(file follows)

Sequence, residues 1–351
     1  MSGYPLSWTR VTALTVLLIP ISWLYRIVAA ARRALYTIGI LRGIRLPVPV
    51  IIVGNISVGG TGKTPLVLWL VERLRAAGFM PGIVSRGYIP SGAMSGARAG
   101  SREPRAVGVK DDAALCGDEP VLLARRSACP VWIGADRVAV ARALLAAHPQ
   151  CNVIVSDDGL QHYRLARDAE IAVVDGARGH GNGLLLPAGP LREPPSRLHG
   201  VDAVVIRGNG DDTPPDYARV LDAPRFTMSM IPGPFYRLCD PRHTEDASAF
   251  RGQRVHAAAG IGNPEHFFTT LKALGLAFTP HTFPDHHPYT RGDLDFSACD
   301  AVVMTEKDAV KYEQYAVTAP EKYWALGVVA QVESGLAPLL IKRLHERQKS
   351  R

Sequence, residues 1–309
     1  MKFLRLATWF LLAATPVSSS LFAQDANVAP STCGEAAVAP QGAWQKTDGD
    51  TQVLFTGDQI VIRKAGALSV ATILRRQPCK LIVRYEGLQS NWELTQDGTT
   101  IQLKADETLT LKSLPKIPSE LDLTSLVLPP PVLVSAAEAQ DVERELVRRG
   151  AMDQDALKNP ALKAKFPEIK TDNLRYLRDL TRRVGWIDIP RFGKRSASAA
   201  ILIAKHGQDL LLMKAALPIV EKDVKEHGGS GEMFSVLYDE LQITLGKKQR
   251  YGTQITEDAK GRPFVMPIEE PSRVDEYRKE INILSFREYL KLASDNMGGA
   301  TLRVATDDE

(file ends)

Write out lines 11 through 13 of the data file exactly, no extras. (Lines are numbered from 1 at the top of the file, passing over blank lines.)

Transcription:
     1  MKFLRLATWF LLAATPVSSS LFAQDANVAP STCGEAAVAP QGAWQKTDGD
    51  TQVLFTGDQI VIRKAGALSV ATILRRQPCK LIVRYEGLQS NWELTQDGTT
   101  IQLKADETLT LKSLPKIPSE LDLTSLVLPP PVLVSAAEAQ DVERELVRRG